[TRANSIT: Sorry, but the provision of reliable public transport is critical to the economic future of the city. Turning over more valuable space in our city centres to parking, especially low-cost parking (meaning that it would be less economically productive than, say, commercial or residential space) is an unwise move that will have a negative impact on the economic growth of the city. What we need to do is find ways to make public transport more reliable – like implementing a full network of bus lanes to start – because we need to shift future trips onto public transportation.]
Any parking policy must ensure that adequate parking facilities are provided to meet the needs of residents, shoppers and visitors, while at the same time helping to achieve an overall transportation objective of reducing traffic demand on the roads.
When you are a driver, there seem to be only two important things in life – parking and petrol – that seem to override everything else of importance. And for that reason, something as unwise as cheap parking or cheap petrol becomes somehow economically necessary and critical for the future.
Cars have their benefits but they are not the only way to move around … unless of course you are a driver who’s mind has been taken over by the ‘conveniences’ of driving, parking & petrol.
If our goal is to create a transportation future that works, we have to change our thoughts about driving and parking and public transport. It must be made clear that driving into the city centre is not a right … it is a privilege that the public should be willing to pay for.
If the cost of driving into the city centre, and parking in the city centre is too low, it will create an artificial increase in demand by encouraging more people to drive … which will subsequently create an artificial shortage of road space and parking space.
We actually need parking rates that are higher during the peak daytime hours, to discourage people from staying in parking spaces for too much time. There is actually an efficient matrix that says that a certain percentage of parking spaces (10-15%, more or less) should always be available in order to make the parking process more efficient. Of course, in our life, everything must be 10-15% overcapacity instead.
More importantly, we need to build a reliable network of public transport services, starting with the buses, to make it clear that public transport use is an efficient solution to our congestion problems.
And to make all that happen, we need better public consultation, better and more efficient planning, and we need government and stakeholders to work together, listen to each other, and compromise for the benefit of all.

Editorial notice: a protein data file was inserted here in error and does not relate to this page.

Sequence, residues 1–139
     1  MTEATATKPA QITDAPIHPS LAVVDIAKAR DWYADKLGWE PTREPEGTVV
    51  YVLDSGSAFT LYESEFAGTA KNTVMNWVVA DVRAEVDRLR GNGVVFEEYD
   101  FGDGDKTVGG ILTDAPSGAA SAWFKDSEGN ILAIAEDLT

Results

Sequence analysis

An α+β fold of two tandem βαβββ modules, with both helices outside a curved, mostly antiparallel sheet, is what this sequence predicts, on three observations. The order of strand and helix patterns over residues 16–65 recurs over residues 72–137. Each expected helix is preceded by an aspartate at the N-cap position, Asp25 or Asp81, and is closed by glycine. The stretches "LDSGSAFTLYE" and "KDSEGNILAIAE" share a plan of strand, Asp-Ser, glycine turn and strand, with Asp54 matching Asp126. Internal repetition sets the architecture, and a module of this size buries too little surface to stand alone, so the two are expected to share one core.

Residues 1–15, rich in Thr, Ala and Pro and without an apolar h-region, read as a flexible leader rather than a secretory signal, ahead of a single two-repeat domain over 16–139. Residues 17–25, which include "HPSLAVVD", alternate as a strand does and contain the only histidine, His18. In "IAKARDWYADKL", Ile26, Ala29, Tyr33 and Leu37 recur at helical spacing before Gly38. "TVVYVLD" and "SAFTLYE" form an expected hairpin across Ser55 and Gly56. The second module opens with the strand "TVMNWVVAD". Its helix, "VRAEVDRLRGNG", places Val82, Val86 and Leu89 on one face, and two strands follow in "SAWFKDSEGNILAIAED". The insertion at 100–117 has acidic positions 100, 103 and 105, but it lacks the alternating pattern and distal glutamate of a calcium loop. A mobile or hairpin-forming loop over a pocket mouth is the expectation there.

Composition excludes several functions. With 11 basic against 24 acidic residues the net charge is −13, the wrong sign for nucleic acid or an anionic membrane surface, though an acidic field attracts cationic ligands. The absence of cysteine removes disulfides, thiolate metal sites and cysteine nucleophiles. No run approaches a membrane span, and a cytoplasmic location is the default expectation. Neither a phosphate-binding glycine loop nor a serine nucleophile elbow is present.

United front to end traffic woes (NST Streets-Central)
25 February 2012
By VEENA BABULAL
RESIDENTS, businessmen and non-governmental organisations (NGOs) are adopting a united front in their effort to deal with the worsening traffic conditions in Brickfields.
Area B Rukun Tetangga chairman S.K.K. Naidu said the move, which involved more than 40 NGOs representing Brickfields, was aimed at clearing the air over “who wants what and for what purpose”.
He said the authorities often mistook the requests of certain groups to be that of the entire community.
Naidu said a tabulated list of the views of individuals and groups would be sent to the Prime Minister Datuk Seri Najib Razak and Federal Territories and Urban Wellbeing Minister Datuk Raja Nong Chik Raja Zainal Abidin soon.
[TRANSIT: Have to wonder if they will ask us what we think.]
The crux of the issue, he said, lay between the requests and opinions of residents’ groups and business stakeholders. He said the Rukun Tetangga, for example, had requested that heavy vehicles be barred from entering Jalan Sultan Abdul Samad which has 14 schools and two disabled organisations — Wisma Harapan and the Malaysian Association for the Blind (MAB).
However, before and after the contra flow bus lane was introduced on Jalan Tun Sambanthan, the move was objected by the Brickfields Business Council.
There were also differing opinions among stakeholders in the blind community — MAB was happy that buses would no longer ply Jalan Sultan Abdul Samad which was used by many blind pedestrians but the National Council for the Blind objected to the contra flow as they were concerned that the blind could be knocked down in Jalan Tun Sambanthan.
A little over two months after its introduction, the contra-flow bus lane system was scrapped on Feb 6 following complaints and accidents in the road.
Similar conflicting opinions also arose over the redesignation of Jalan Tun Sambanthan and Jalan Sultan Abdul Samad in 2010 and 2011 respectively.
We are coming ever closer to some improvements in our city. The problem is that there is a consistent lack of will to state priorities when it comes to our roads.
It is interesting that the MRT line has certain, unequivocal features that cannot and will not be up for discussion (according to the approach of the government, MRT Co, and Prasarana). The MRT project must go to MMC-Gamuda, the MRT project must travel under Jalan Sultan, the MRT project must serve the 100-storey Warisan Merdeka erec…er tower, which is a crucial part of the PM’s vision for KL.
But when it comes to street planning and creating urban spaces, and introducing bus lanes, the government is as flexible as can be.
It’s ironic, they are totally firm and inflexible on creating a “backbone” for the rail network but when it comes to creating flexible streets and improving our flexible bus network, they have no backbone!
And we at TRANSIT are left wondering how much more work we will have to do to get the attention of the government and SPAD and get them to build reliable public transport in and around the city.